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New York Jets’ Joe Namath and Mark Sanchez: Parallels in Early Years for Quarterbacks

February 1st, 2012 at 11:43 AM
By Donald Lappe

Mark Sanchez will inevitably be compared to Joe Namath. With Namath having left an indelible mark on the New York Jets franchise, any quarterback to put on the green and white and hang around long enough will be put up against the Hall of Famer. Sanchez doesn't measure up right now, but after just three seasons, Namath wasn't the player we now remember. That's not what this is about. Sanchez has a lot of time left before it's a fair comparison. When you take a look at how these two quarterbacks came into the league, some of the parallels and coincidences are almost creepy.

Hot-shot quarterback facing an icy locker room: For Namath, he had to face a locker room with some players who were resentful over the amount of money he signed for after being drafted. Some players didn't like that a guy who had never played a down in the NFL was making way more money than they ever would. Namath felt the need to address the team in training camp and clear the air. For Sanchez, his reception was warmer, but he now faces his own issues in the locker room. With reports of players being resentful about perceived favorable treatment and a seeming lack of respect for him, it may be time for Sanchez to also face his own locker room and clear the air.

A return to the running game in year four: Both quarterbacks had their issues with interceptions in their first three seasons, with Namath throwing 70 and Sanchez throwing 51. Namath took more of a leadership role before the 1968 season and recognized that the Jets needed to run the ball more. He changed his own play-calling to fit that strategy, and the Jets ended up in Super Bowl III. Sanchez struggled at times as the Jets tried to air it out last season, and now the Jets have brought in Tony Sparano to choreograph a run-first offense. The Jets would love for Sanchez to become more of a leader and take the Jets deep into the playoffs again.

Relationship with the Ryans: This incident actually came later in his career, but when Joe Namath returned from injuries in a relief effort against the San Francisco 49ers, Buddy Ryan told the Jets offensive linemen that they were not to let anyone hit him or he would cut every single one of them. Buddy was the defensive line coach but he had a lot of love for Namath from their years together with the Jets. Rex Ryan felt strongly enough about Sanchez to trade up and draft him, and is steadfast in his belief that Sanchez will take the Jets back to the Super Bowl.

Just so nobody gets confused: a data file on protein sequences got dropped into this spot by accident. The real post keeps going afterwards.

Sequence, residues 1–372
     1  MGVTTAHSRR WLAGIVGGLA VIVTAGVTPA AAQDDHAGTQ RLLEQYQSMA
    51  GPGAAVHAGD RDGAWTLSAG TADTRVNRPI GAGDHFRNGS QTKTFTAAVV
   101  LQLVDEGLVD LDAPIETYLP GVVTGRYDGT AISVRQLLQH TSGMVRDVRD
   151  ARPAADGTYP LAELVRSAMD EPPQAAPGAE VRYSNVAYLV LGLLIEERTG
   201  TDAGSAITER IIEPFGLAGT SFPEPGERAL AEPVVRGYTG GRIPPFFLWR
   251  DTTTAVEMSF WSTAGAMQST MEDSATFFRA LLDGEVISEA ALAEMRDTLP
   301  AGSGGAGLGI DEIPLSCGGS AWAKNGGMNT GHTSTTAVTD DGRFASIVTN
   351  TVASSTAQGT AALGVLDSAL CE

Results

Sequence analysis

Rock star life: Namath was always known for hanging out with beautiful women and partying while still being able to get the job done on Sunday. Sanchez has also been linked to models and actresses in addition to what he's done on the football field. Both players embraced the spotlight and all the attention that comes along with it.

Does this mean Sanchez is going to lead the Jets to the Super Bowl this year and be the second coming of Namath? No, of course not. He might, but this is just a fun way of comparing two Jets quarterbacks in ways that aren't all about the numbers and wins they put up on the field. It also brings some perspective because so many view Namath in such a forgiving light that the early struggles he encountered have been forgotten. He dealt with a lot of the same issues Mark Sanchez is dealing with now.

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Tags: Football, Joe Namath, Mark Sanchez, New York, New York Jets, NFL, Rex Ryan, Super Bowl, Tony Sparano

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